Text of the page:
China has been operating an intelligence unit in Cuba for several years and upgraded it in 2019 as part of a broader global effort by Beijing to enhance its intelligence-gathering capabilities, according to a senior US White House official.
The statement was made on Saturday, following a recent report by The Wall Street Journal (WSJ) claiming that China had struck a secret deal with Cuba to establish an electronic eavesdropping facility on the island, located about 160 kilometers (100 miles) from the southern US state of Florida. The WSJ report suggested that China intended to provide billions of dollars to financially struggling Cuba as part of the agreement.
Both the US and Cuban governments have expressed skepticism about the WSJ report. The anonymous White House official stated that the characterization provided by the WSJ did not align with their understanding of the situation. However, the official did not specify how the report was inaccurate or provide detailed information about whether China was indeed attempting to construct a new eavesdropping facility in Cuba.
The official emphasized that the issue predates the current administration of US President Joe Biden, highlighting that China had been working to bolster its intelligence collection infrastructure worldwide. They described it as an ongoing issue and not a recent development, adding that China had upgraded its intelligence facilities in Cuba in 2019, which is well-documented in intelligence records.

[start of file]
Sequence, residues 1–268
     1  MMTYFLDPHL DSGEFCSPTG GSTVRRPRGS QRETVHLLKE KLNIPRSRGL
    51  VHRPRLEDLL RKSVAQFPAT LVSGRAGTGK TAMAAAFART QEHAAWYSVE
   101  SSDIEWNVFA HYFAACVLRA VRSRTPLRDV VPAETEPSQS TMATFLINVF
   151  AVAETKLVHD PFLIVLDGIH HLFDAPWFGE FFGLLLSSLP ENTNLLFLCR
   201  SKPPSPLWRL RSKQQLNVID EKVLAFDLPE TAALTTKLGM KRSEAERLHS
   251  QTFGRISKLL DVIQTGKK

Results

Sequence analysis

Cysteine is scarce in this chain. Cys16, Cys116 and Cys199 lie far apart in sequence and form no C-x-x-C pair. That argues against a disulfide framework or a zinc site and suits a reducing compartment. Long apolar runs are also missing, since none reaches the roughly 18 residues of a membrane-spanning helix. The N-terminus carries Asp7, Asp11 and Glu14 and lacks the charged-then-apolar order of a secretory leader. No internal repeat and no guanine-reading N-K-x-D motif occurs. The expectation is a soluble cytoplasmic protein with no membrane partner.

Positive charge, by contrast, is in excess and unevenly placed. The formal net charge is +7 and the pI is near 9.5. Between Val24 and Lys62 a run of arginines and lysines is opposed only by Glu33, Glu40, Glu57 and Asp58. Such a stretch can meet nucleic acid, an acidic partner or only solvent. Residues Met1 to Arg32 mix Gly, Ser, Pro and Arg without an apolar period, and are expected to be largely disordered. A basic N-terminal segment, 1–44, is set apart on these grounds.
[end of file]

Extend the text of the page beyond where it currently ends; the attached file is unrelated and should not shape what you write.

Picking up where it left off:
When asked for comment, a representative from China’s embassy in Washington, DC referred to a statement made by a Chinese foreign ministry spokesperson on Friday. The spokesperson accused the US of spreading rumors and engaging in slanderous behavior regarding the Cuba spy station allegations, while also accusing the US of being the most powerful hacking empire in the world.
In response to the allegations, the Cuban government denounced the situation, stating that it was based on unfounded speculation aimed at causing damage and alarm. Deputy Foreign Minister Carlos Fernandez de Cossio criticized certain media outlets for spreading information without following proper communication protocols or providing evidence to support their claims. Cuba has consistently rejected any foreign military presence in Latin America and the Caribbean.
The attention surrounding alleged Chinese spying from Cuba comes at a time when Washington and Beijing are taking tentative steps to ease tensions, which escalated when a suspected Chinese high-altitude spy balloon crossed over US territory and was subsequently shot down by the US military off the East Coast in February.
These developments include a planned trip to China by US Secretary of State Antony Blinken, scheduled for June 18. The visit had been initially canceled by Blinken following the spy balloon incident. The US official stated that although the Trump administration was aware of China’s basing efforts in Cuba and made some attempts to address the issue, they believed more progress was necessary and adopted a more direct approach.
The official mentioned that US diplomats had engaged with governments that were considering hosting Chinese bases and had exchanged information with them. They claimed that their diplomatic efforts had slowed down China’s progress, stating that China had not achieved the level of advancement they had hoped for.